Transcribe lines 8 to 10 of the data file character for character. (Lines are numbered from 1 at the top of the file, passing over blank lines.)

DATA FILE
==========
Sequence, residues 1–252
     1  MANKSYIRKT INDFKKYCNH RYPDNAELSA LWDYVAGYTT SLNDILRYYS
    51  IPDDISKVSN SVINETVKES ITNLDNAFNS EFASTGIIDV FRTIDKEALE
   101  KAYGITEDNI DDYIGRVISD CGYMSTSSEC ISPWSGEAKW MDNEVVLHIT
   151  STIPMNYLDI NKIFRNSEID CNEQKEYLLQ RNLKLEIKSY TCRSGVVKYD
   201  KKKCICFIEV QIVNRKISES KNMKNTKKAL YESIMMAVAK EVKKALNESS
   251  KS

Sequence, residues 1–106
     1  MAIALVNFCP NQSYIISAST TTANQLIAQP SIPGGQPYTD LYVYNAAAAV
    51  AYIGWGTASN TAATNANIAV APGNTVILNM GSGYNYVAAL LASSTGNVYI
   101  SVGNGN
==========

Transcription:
Sequence, residues 1–106
     1  MAIALVNFCP NQSYIISAST TTANQLIAQP SIPGGQPYTD LYVYNAAAAV
    51  AYIGWGTASN TAATNANIAV APGNTVILNM GSGYNYVAAL LASSTGNVYI